Your child doesn’t have to play in the Super Bowl for you to know the feeling. Their team was supposed to win and then they didn’t. What do you do? Being the mother of two girls who played soccer and ran track, I thought I knew the answer: Talk it through. Tell them you love them. Say it’s just a game. Remind them there’s always a next time. Isn’t that what good parenting is all about? Keeping channels of communication open even in tough moments?

Turns out the answer is no. I learned this when I had a “don’t speak” moment.

I understand this all too well. After my kids would have a disappointing swim, I’d try to reassure them. I wanted to take away their hurt and make them feel better. Most often after I’d say, “That wasn’t so bad,” or “You have another swim ahead.” I’d be met with negativity and a statement like “I sucked!”

I’d get a barrage of negativity that would take me by surprise. I never figured out that by trying to protect them from their upset feelings, I wasn’t making it better for my kids, but was making them feel worse. They weren’t ready to talk about a bad swim with me and “hash and rehash,” as my daughter would say. I read in a David Benzel sports parenting book, “From Chump to Champ,” that we should wait for our kids to talk to us. We need to be there and listen. But, if we start the conversation first, even with the best intentions, they’ll probably pull away and stay quiet. They want to please us so much and may take any little thing we say personally, as though they’ve let us down. It’s best to be quiet and listen. They may surprise us and open up more than ever if we let them take the lead.

Here’s more from the Washington Post article with the mom watching her daughter’s varsity soccer team lose their final meet. She received advice from a dad, Peter, who had more experience with soccer parenting and she followed it.

“Their lead slipped to a tie toward the end of the second half. In the last minute of play there was a stumble, scrambling and a goal for the other team.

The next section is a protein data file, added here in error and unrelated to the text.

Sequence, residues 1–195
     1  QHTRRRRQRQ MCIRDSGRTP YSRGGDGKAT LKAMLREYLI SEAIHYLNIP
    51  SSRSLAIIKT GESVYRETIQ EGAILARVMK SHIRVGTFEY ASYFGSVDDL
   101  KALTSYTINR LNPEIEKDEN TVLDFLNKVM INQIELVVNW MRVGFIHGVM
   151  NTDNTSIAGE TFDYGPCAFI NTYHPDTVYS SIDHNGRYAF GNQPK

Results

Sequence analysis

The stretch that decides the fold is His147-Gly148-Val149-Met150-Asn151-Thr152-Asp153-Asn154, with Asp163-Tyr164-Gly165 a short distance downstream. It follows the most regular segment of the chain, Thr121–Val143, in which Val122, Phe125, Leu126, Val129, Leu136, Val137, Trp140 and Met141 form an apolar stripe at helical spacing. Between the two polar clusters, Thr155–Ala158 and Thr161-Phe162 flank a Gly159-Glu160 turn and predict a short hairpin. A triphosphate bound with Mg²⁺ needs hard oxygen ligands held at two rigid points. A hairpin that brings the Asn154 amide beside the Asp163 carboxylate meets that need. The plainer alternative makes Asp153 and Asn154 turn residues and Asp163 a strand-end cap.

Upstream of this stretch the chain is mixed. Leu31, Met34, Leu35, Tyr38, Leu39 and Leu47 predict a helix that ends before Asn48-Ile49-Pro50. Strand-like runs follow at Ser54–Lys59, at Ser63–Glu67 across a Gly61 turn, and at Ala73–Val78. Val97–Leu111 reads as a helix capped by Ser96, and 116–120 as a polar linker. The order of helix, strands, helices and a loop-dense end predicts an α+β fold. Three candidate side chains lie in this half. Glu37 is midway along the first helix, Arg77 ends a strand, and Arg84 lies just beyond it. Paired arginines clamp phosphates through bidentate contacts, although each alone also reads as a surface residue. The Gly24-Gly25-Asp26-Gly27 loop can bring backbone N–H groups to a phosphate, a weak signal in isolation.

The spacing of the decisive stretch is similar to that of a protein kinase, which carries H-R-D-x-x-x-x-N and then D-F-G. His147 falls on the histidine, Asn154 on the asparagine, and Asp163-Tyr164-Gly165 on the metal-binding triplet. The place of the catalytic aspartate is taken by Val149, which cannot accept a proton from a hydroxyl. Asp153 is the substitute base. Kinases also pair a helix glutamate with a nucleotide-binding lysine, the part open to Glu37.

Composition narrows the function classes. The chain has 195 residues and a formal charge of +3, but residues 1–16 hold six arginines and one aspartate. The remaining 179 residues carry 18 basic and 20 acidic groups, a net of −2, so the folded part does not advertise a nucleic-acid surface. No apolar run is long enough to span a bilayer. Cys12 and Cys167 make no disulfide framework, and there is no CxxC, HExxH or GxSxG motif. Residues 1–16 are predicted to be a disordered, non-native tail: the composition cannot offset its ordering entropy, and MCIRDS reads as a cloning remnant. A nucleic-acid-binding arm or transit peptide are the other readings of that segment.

Parents supplied transportation for home games, so we waited while our daughters gave sullen high-fives to the winners and then huddled with their coach, listening as he shared his disappointment. When he was done they separated and, backpacks slung over shoulders, trudged across the field toward where we stood.

Watching their grim faces approach I wished a meteorologist were present to confirm my suspicion that 22 high school girls who’ve just lost a chance at a state title can change the atmosphere, collectively sucking the light out of the sky. Their fury was frightening.

But Peter had been through this before. “Don’t speak,” he said. As I started to turn my head he added, “Don’t look. Just walk. Go to your car. She’ll find you.”

I tried not to move my lips as I objected. “All I want to say is I’m sorry.”

“Don’t,” he advised. “Don’t speak. Not until she talks to you.”

Because he had been through this before, I listened and walked to my car alone. I felt her before I saw her, walking silently beside me. Reassuring phrases immediately formed in my brain but, channeling Peter, I said nothing.

A moment later I noticed her teammates walking with their parents, mothers mostly, who offered words of consolation. “Are you okay?” and “You played well,” and “There’s always next time.” To me the words sounded gentle and kind.

The girls did not agree. “No,” they snapped, and “I sucked,” and “There won’t be a next time.”

By the time we reached the car, every daughter except mine was crying and the moms were, understandably, annoyed and lashing back. “Why are you yelling at me?” and “Being upset is no excuse for being rude.”

We were silent on the ride home, silent as I turned on to our street. It was when I pulled into the driveway that my daughter finally spoke. “That was such a bad game.”

I nodded.”

How do you handle your children’s athletic or academic disappointment?

PAC 12 swimmers cheering on teammates
My daughter on the blocks cheering with teammates.